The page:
When Amber Burr from Daddy’s Homemade in Evergreen had an idea to brighten the spirits of those who lost their homes to the Marshall Fire, little did she know her idea would span multiple communities and become bigger than she knew it could.
Burr originally wanted to collect artwork made by kids to give to a Louisville business to distribute with the care packages they were putting together for those displaced by the fire. Her idea was to have art “from kiddos to kiddos.”
Living in Evergreen, Burr knows the realities of what a fire can do.
“It was heartbreaking,” she said. “We’ve been evacuated ourselves several times over the past few years. We’ve been there. We have three young kids. I couldn’t help thinking, that could’ve been us. There were just no words watching and seeing the pictures.”
Seeing what Arvada had done in support of the fire survivors, Burr connected with City Council member Lauren Simpson to ask for help in gathering kids’ art.
On the way to dropping her daughter at preschool the day she spoke with Burr, Simpson talked to the teacher, and by the end of the day had a pile of art. She went on to collaborate with Peck Elementary and Foster Elementary in Arvada to get kids art from 1st-3rd grade.
“What I really like are some of the pieces from some of the older children….some of the older kids wrote messages. One that really touched my heart said `after the rain comes the rainbow,’” Simpson said.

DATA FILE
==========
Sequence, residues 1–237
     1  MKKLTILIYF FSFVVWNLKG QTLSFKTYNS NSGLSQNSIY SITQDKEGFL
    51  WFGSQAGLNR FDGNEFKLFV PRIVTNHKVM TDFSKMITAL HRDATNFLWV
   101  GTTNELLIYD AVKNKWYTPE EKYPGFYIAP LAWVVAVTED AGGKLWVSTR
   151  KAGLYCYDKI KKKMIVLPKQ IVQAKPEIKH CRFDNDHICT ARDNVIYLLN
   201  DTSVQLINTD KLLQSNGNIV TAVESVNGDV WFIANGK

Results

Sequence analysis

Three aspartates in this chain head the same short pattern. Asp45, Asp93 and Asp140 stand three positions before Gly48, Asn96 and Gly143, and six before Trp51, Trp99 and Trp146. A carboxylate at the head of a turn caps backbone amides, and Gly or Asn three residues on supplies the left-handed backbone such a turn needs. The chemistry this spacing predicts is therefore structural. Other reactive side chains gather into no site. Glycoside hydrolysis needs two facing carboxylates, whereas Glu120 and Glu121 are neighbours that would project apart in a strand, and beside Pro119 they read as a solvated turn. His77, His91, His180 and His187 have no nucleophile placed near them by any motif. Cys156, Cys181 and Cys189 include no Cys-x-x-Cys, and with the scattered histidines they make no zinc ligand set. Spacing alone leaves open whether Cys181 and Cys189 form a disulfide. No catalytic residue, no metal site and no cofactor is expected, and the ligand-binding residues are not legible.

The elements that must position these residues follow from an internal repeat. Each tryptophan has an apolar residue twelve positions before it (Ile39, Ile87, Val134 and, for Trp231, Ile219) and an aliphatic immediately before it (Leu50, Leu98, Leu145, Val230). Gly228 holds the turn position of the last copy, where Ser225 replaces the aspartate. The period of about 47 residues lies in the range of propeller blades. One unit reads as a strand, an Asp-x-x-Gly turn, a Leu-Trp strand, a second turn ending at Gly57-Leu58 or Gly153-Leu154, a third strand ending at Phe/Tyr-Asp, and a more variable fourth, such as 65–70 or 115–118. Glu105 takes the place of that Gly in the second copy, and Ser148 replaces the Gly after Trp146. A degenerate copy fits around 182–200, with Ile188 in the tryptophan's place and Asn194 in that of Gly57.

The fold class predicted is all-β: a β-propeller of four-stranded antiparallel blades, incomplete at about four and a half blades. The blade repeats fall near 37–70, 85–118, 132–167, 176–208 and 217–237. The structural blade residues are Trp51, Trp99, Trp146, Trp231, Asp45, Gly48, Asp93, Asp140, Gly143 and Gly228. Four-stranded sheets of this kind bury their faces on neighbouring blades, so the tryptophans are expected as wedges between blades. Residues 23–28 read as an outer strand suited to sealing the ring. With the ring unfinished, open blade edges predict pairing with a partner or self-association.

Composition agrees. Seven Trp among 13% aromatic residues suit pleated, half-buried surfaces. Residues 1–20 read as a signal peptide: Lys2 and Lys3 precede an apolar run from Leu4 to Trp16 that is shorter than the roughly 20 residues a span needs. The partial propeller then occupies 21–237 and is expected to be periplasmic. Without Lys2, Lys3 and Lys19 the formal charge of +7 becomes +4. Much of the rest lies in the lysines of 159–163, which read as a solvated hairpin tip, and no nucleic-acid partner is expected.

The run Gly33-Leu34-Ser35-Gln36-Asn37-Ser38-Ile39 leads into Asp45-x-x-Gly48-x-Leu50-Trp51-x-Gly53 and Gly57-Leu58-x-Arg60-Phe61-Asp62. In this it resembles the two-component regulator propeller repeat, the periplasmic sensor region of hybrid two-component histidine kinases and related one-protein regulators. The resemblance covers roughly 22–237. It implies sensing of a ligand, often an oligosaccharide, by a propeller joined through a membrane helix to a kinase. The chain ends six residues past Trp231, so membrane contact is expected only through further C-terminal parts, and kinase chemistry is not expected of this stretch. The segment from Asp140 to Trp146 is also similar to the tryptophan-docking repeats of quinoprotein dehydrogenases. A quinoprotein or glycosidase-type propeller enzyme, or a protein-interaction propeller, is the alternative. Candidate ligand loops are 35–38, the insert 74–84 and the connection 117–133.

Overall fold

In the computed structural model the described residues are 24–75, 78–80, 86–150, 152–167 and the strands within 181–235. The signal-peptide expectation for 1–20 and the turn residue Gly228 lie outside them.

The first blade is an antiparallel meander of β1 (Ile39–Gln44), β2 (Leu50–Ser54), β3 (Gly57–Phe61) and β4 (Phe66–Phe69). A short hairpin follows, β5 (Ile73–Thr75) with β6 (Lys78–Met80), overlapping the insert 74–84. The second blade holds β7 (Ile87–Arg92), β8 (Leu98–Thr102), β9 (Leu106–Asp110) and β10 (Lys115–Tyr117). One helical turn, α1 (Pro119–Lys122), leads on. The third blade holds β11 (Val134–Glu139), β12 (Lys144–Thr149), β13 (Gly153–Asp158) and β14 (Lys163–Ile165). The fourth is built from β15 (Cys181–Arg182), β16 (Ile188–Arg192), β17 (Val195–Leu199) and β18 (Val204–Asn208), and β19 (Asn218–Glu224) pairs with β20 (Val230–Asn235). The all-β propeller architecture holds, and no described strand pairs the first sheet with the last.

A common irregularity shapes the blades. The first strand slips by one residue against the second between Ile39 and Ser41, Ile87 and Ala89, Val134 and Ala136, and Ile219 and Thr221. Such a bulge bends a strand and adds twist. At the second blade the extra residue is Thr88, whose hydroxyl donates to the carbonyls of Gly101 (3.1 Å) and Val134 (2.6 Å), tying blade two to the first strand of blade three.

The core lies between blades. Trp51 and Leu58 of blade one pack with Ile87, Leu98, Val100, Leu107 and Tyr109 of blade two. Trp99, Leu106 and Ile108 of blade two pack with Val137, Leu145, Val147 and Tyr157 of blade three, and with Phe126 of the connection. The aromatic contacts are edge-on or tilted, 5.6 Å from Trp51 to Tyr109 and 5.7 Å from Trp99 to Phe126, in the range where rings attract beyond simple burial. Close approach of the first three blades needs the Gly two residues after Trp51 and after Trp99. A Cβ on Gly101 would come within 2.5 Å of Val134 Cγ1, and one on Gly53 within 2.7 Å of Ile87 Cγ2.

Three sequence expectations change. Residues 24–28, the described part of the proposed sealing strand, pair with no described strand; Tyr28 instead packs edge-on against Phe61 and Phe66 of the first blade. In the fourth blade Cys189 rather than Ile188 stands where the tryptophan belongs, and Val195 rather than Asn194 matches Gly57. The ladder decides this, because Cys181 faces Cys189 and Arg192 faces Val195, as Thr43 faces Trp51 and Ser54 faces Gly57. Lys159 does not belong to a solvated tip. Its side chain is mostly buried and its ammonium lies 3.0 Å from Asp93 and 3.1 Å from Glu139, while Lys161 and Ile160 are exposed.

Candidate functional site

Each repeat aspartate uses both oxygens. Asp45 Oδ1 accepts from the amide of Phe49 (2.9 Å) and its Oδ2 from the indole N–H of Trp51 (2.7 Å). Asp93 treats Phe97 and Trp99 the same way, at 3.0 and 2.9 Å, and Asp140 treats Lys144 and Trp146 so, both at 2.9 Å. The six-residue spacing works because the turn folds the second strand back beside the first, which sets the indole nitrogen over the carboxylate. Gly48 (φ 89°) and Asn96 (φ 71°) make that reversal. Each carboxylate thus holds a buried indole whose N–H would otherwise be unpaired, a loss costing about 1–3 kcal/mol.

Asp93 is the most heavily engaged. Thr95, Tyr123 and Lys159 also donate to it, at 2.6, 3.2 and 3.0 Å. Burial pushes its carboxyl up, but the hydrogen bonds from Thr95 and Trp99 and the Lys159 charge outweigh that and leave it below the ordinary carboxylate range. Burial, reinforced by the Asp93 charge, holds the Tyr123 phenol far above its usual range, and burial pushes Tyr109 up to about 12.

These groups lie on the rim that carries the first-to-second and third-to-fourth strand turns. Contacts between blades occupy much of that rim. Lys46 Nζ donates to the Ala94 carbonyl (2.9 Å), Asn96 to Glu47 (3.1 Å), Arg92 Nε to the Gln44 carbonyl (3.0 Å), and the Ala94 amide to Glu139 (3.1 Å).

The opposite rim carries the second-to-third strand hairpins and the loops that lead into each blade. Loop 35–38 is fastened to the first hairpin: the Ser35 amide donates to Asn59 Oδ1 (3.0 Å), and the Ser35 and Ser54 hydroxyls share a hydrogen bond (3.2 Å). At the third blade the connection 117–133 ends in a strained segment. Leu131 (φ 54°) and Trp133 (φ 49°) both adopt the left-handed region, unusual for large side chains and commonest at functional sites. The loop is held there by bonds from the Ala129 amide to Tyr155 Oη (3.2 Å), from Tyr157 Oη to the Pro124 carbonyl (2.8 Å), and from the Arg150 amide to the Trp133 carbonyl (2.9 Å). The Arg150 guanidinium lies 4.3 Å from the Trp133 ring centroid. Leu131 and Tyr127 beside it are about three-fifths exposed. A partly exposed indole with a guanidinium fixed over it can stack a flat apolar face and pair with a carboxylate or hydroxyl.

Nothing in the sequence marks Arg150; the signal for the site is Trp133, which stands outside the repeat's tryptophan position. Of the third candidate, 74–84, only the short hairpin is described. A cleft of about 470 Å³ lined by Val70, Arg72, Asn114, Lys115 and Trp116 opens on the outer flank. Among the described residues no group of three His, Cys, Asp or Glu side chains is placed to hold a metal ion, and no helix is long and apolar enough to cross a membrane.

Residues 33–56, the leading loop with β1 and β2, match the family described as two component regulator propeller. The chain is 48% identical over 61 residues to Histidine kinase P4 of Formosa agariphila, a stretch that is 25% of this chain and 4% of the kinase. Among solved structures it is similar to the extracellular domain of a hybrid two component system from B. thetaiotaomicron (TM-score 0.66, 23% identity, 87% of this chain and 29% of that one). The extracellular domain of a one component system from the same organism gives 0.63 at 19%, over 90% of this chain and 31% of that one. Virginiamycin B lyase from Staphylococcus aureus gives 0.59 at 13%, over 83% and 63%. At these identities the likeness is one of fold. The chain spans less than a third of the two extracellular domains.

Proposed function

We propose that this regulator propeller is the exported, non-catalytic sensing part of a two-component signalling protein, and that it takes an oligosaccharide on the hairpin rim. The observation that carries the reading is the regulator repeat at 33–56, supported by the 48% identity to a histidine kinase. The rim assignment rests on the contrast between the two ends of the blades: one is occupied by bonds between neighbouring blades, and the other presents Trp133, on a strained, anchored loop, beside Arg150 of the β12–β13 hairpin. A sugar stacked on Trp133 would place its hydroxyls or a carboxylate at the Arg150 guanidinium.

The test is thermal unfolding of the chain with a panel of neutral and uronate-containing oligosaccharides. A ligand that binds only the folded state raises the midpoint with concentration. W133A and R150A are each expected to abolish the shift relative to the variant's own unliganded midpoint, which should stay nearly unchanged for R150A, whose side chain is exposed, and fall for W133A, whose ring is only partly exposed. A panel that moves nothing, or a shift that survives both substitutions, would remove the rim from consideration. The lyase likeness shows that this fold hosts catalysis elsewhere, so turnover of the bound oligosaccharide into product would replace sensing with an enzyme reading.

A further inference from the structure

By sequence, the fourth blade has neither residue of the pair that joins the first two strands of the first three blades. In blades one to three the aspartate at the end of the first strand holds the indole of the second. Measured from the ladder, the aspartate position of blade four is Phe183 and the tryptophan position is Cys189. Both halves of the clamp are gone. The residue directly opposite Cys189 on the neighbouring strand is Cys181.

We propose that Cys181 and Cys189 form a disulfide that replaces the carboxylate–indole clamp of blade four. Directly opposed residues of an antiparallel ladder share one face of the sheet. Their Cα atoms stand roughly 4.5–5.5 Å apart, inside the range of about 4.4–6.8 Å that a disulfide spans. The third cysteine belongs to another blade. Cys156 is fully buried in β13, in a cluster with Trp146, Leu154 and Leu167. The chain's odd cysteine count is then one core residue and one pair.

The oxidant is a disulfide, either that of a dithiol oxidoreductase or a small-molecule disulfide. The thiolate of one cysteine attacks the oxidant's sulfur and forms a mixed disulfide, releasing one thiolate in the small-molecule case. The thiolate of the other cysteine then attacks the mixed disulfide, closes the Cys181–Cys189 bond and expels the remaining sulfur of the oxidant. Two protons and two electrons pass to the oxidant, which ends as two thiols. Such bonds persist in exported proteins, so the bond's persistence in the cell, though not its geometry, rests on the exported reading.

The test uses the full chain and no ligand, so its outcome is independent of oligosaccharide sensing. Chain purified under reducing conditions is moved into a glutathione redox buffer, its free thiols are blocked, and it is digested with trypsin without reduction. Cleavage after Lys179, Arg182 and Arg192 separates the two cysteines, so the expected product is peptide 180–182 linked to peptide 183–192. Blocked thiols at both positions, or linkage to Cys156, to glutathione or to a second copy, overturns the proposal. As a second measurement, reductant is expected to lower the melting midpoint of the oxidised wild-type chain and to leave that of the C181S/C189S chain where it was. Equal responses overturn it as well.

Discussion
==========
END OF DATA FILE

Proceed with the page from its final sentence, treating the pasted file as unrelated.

Simpson thought that the art coming from kids was important to the healing of other children. She said gifts coming from your own peers and age group are special.
“We as adults are able to process events like this….but we have the mental and emotional tools to grapple with events like this. Kids often don’t, especially the younger ones,” Simpson said.
Burr teamed up with Pitter Patter, a children’s boutique in Louisville, to bring the art to their business. Pitter Patter has dubbed the project, “Art from the Heart.”
Liz Connor, owner of Pitter Patter, has a community closet event happening for those displaced by the fire where they can shop with no price tags. Her event is kid friendly and private for families affected by the fire.
Owning a children’s store, Connor sees the value in involving children in the healing process.
“It’s a way to guide our children in the healing process for other children,” she said. “Knowing that someone cares about you is a huge message for our children to hear.”
The women hope that distributing the works of art made by kids brightens the days of kids learning to live with their new normal. Connor and her team have been working hard behind the scenes to make their community shopping event happen, but ultimately they just want to help however they can.
“If we can make it easier to parent during this crisis, we are so happy to do that,” she said.
As for Burr, she plans to continue to collect artwork from kids and distribute it to more businesses that could use it.